This Day in Revisionist History

November 24:

“Wait, you mean that wasn’t John F. Kennedy?”

–Jack Ruby, upon learning that he had been beaten to the punch by the man he had just fatally shot.

Jack Ruby had already been laying low for weeks when Lee Harvey Oswald shot John F. Kennedy in the head, and as a result had never heard the news of the President’s death. In later interviews he revealed that he had been hiding out in a log cabin in the northern part of Florida, where he mostly shot at squirrels for target practice. Of course, because he had opted to use a pistol, simulating a realistic assassination typically meant trying to walk right up to a squirrel and shoot it at point blank range, and as such Ruby does not recall actually harming any squirrels.

“It was abundantly clear from the start that he was the wrong man for this job,” said alleged mafia hitman Frank Sheeran, who claimed to have helped Jimmy Hoffa negotiate the murder contract. “But Jack had entered, by a large margin, the lowest bid for the killing, and you know, the mafia–we don’t waste money.”

At around 9:45 a.m. on this day in 1963, Jack Ruby made his way into Dallas, having been instructed by the mafia several weeks earlier that the President would be in the city that morning or afternoon. “Repeated attempts to contact him and inform him of the President’s assassination were made, unsuccessfully, due to Jack’s decision to forego the courtesy of providing a forwarding address,” explained a frustrated Sheeran. While eating his breakfast in a Dallas diner, Ruby misheard a nearby waitress describing the location of “that guy who shot JFK,” which Ruby simply heard as “that guy JFK.” In his court testimony, Ruby would describe how appalled he had been that a “young citizen” had referred to the President as simply “that guy.”

By eavesdropping on that conversation he learned that his target, mistaken though it was, was scheduled to exit the Dallas police station at approximately 11:00 a.m. Several minutes later he paid his bill and went out to his car, where he loaded his Colt Cobra .38 with just one bullet; he was wary of expensing extra ammunition to the mafia accountant and had, after all, marketed himself as the most economical candidate for the job. Upon arriving at the police station, he waited until his target, surrounded by a police escort, stepped out of the building. “I figured, that’s him, that’s the President, what with all the cops there and everything. Even when I got closer I could barely see his face, but I remember thinking how young he looked for a president. But then again, everybody always talked about how young-lookin’ that Jack Kennedy was.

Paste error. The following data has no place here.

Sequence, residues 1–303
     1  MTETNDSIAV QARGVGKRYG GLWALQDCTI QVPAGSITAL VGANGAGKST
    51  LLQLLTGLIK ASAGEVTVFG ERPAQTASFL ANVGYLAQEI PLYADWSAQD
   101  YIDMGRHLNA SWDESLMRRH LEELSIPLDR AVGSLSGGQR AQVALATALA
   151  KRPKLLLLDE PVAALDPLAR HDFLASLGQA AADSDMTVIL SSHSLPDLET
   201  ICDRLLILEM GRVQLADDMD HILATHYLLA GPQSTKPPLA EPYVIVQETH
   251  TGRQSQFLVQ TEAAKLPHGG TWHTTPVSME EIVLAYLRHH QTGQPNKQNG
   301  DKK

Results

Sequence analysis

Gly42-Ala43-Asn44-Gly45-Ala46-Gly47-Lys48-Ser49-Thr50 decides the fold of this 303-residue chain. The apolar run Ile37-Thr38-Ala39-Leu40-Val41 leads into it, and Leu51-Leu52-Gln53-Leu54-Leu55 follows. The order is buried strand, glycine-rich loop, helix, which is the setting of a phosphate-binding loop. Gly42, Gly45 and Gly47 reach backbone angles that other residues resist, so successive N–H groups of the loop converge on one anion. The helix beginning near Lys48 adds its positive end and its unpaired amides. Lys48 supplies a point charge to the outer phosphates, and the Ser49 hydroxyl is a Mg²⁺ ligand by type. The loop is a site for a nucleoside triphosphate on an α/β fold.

“Oh, and that’s another reason I took the job—I didn’t like how people called him Jack, ’cause Jack was my name.”

Ruby would later explain to the Dallas press that he had fired at the victim’s abdomen because “I still hadn’t really seen his face […] and I wanted to be sure it was him.” Ironically, however, Ruby shot and killed 24-year-old Lee Harvey Oswald. In mere minutes his mistake became clear to him as reporters began asking him a slew of questions referring to the victim by name. Feeling “just awful,” Ruby wrestled free from the officers who had detained him in order to rush back over to the dying Oswald and offer his condolences, which Ruby himself would later recount at the trial: “Listen, pal, I’m sorry, I gotta tell ya—I thought you were Kennedy.” Although the exact wording of Oswald’s response differs according to the accounts of various witnesses at the scene, it is documented that Oswald almost instantaneously forgave Ruby, explaining that his own killing of the President had been somewhat of a gaffe, as he had really been attempting a rather risky shot just past the President at former college rival James Tague.

History may repeat itself, but that doesn’t mean I have to, although I did say that last week. Tune in next week for an all-new “This Day in Revisionist History”!

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One response to this post.

  1. This satire would be more clever if the piece were entitled “This Day in Establishment History.”

    Reply

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